Java is designed to be simple and very easy to learn. It contains so many useful features. So for that reason it is not so popular today. Clearly a decision was made to hide some problems rather than to give people the means to solve them. Although Java is classed as an object-orientated programming language and one of the easier programming languages to start learning, JavaÃ¢Â€Â™s primitive types are not objects and so consequently it is not a pure object-orientated language.
Java has the following problems:
- A Java compiler can not logically test as much of a program’s design as a C++ compiler can.
- Some design problems may not be found, even at run-time, until too late.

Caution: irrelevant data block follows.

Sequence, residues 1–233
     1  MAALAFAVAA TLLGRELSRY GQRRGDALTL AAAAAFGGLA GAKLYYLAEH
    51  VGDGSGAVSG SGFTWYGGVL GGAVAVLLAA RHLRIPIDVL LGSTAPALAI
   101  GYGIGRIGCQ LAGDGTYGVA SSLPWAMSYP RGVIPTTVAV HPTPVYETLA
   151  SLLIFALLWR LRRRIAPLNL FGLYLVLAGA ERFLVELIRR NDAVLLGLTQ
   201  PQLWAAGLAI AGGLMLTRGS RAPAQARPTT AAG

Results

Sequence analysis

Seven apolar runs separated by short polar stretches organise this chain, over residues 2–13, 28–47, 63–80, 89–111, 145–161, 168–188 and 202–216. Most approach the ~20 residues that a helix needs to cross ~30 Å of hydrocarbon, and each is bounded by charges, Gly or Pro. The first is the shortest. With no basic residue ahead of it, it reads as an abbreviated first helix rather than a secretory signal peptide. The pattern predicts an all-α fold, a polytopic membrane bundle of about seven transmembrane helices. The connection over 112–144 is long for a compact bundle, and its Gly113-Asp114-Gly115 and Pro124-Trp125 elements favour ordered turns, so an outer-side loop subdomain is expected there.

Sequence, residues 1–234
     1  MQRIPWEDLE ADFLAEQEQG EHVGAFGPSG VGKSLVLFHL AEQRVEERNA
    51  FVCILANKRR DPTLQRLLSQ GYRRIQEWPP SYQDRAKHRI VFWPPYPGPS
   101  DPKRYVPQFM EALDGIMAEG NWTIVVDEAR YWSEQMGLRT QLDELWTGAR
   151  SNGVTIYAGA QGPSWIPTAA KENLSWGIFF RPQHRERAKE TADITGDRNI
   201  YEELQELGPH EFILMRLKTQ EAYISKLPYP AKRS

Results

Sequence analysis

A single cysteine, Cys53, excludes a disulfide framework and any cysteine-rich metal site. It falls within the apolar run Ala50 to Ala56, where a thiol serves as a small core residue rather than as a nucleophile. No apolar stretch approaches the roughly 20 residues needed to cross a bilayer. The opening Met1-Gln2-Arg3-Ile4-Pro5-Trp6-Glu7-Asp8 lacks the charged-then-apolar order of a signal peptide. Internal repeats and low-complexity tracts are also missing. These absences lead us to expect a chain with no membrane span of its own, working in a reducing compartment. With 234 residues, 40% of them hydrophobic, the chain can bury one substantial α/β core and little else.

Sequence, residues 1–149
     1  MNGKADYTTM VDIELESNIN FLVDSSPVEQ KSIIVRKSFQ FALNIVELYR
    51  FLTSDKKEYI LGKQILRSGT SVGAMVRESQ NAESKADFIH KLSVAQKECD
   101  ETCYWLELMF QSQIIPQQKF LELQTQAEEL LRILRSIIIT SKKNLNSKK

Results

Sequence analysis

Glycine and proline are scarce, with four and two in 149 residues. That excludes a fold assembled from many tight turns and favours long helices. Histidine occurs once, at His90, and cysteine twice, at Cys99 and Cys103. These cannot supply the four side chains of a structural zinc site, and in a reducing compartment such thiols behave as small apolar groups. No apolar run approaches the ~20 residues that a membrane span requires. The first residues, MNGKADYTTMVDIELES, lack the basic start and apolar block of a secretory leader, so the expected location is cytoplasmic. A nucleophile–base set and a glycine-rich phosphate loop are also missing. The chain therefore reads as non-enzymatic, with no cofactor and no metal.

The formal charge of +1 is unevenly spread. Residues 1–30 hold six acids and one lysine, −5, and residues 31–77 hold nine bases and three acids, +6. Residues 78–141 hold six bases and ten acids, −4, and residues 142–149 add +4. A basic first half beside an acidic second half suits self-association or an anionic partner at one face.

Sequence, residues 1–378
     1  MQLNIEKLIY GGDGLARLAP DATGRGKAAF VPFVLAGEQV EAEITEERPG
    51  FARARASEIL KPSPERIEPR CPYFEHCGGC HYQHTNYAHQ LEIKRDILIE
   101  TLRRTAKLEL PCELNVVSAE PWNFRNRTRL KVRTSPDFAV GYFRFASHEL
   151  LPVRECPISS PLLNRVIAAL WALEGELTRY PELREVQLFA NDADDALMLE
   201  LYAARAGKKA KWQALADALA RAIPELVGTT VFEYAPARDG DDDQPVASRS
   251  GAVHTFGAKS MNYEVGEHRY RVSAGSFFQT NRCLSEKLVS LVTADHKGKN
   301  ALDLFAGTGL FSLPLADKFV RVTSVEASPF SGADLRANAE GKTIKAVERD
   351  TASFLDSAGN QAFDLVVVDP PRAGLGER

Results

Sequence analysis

- There is not enough separation between interface and implementation.
Java developers could document the behavior of every method but they rarely do, and there is no formal guarantee that the code will comply with the constraints described in its documentation. Ideally, a design would be perfect from the start, developers would make no errors while implementing it, and all of the code would be completely documented. In the real world, designs are perfected only in the course of development, simple errors are made, and documentation is incomplete. This is the reality, but java does not help us deal with it.